Rye is a secret superstar when it comes to choosing an eco-friendly yet nutritious whole grain. Specifically, rye crops can tolerate different weather and climates, and are known to survive frosty winters. Rye also emits a chemical into the soil that works to suppress weeds, and some farmers use rye as a cover crop to keep soil in place during winter months. When rye crops grow, they isolate carbon and fix nitrogen, which means it helps reverse depleted soil.
Evidence from UC Davis shows that rye crops can outlive other whole grains on dry, sandy, or infertile soils due to its extensive, powerful and deep root system. So next time you’re at the sandwich shop, opt for rye bread that’s good for you and local growers and the planet.
Oats have become increasingly popular as a crop for famers in recent years as consumers increasingly make the switch from dairy milk to oat milk. Growing oats is a relatively low impact crop, and beneficial to the environment.
Oats are farmed through crop rotations, which halts or improves soil erosion. As for the water required, oats need significantly less water to grow than most other grains, since their fibrous roots retain water from the rain.
Sorghum is not only a nutritional powerhouse but also a game-changer when it comes to sustainability. Also known as great millet, this crop is resilient in most weather conditions and can survive with very little water. Sorghum is also one of the most efficient crops at pulling carbon out of the air and delivering it back to the soil, so it essentially vacuums up the greenhouse gases and removes it from our atmosphere.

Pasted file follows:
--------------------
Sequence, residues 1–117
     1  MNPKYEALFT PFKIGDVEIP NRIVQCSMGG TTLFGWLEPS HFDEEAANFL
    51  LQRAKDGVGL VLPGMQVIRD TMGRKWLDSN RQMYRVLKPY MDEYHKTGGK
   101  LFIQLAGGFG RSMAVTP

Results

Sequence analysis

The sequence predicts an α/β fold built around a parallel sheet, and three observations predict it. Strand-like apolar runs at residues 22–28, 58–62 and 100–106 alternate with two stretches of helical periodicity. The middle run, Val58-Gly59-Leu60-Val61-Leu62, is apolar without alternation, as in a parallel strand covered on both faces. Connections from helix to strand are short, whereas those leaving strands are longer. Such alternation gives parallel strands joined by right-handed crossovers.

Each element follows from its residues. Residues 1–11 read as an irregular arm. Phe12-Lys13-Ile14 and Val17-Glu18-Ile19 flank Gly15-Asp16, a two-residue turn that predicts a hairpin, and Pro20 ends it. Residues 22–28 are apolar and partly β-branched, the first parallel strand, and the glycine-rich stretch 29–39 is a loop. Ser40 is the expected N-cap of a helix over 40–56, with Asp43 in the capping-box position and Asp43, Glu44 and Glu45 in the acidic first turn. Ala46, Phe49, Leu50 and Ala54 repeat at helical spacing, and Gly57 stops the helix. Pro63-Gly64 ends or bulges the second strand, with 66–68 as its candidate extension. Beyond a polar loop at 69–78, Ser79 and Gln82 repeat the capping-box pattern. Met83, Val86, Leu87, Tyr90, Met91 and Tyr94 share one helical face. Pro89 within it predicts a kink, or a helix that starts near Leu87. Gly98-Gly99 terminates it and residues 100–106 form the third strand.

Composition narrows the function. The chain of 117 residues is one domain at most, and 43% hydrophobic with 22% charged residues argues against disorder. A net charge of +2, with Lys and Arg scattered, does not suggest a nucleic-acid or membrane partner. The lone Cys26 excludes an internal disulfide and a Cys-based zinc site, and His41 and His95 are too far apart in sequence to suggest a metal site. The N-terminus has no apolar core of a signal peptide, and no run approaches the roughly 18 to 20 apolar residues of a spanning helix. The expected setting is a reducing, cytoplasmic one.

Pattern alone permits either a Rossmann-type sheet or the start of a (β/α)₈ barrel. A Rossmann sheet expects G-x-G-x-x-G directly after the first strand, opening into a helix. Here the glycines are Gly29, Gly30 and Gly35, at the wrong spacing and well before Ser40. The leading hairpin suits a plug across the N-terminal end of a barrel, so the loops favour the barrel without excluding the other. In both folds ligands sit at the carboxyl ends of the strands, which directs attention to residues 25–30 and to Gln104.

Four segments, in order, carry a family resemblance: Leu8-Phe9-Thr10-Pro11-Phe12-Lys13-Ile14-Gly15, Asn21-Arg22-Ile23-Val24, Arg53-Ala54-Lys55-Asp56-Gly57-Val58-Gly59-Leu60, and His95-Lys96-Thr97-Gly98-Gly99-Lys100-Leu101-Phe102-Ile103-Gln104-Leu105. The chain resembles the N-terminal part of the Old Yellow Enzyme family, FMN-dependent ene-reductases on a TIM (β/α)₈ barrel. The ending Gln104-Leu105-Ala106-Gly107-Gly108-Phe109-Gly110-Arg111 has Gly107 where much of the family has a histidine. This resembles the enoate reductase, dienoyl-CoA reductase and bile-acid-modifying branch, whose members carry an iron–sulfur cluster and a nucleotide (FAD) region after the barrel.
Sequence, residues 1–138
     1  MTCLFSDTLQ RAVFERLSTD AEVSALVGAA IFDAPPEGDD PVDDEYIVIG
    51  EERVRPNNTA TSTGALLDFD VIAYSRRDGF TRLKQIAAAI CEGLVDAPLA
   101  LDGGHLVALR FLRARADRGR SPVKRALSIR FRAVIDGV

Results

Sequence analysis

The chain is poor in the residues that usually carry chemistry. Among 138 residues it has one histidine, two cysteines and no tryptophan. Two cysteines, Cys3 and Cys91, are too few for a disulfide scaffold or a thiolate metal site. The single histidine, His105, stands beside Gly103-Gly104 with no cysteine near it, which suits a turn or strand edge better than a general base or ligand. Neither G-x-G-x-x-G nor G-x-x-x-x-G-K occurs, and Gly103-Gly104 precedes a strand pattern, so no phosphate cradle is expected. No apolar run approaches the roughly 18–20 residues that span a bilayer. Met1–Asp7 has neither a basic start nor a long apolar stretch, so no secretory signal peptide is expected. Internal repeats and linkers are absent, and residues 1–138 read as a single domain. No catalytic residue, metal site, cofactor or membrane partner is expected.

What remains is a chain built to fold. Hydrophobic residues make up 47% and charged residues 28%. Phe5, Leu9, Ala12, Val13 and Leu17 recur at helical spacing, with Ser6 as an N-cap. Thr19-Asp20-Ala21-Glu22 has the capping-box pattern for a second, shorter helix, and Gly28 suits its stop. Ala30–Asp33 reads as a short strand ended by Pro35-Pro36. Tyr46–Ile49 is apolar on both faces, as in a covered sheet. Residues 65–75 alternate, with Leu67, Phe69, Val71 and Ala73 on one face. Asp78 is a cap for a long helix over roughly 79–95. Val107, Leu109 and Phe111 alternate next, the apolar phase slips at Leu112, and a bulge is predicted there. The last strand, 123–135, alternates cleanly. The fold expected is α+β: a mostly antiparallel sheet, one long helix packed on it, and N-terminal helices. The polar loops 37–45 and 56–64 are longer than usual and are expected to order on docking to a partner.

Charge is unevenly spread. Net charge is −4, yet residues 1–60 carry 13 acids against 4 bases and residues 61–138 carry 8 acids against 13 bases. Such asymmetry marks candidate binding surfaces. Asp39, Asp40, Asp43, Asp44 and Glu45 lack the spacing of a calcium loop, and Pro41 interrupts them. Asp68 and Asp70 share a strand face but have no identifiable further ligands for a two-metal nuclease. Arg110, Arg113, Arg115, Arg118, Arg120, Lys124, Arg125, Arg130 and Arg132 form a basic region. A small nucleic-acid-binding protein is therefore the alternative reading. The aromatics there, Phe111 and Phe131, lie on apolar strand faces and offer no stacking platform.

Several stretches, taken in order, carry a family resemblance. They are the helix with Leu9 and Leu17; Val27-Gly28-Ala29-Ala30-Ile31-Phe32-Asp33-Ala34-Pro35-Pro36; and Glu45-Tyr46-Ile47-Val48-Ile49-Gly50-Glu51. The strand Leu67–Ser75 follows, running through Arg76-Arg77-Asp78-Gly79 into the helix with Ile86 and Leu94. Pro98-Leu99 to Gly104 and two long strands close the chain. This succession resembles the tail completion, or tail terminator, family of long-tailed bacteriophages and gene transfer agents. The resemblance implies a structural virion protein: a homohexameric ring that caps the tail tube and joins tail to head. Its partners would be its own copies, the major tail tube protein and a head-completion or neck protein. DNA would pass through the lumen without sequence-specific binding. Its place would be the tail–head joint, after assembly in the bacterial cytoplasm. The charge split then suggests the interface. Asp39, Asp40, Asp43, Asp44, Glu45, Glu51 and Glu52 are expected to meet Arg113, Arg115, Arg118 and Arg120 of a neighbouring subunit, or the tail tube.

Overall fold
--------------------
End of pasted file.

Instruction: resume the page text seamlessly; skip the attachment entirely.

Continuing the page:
In the US, sorghum pasta and flour is just beginning to show up on store shelves. But across the globe it is highly popular, and the UN estimates that more than 90 million people living in Africa and Asia rely on millet as a diet staple, since it is both nutritious and economical to grow. A recent study supports that millet could be one "hero crop" in the goal of achieving the United Nations’ sustainable development targets, due to their high nutrient content and climate resilience properties.
Bottom Line: Choose Whole Grains for Sustainability
Whole grains are filled with fiber, protein and other nutrients, making them a healthy staple for your diet, but more than that, they are environmentally friendly foods that require less greenhouse gases to grow than meat and dairy. Incorporate a variety of whole grains in your meals, such as oatmeal, rye bread or sorghum pasta. When it comes to eco-friendly grains, opt for those that are certified organic as little or no pesticides were used in growing them.
For more expert advice, visit The Beet's Health & Nutrition articles.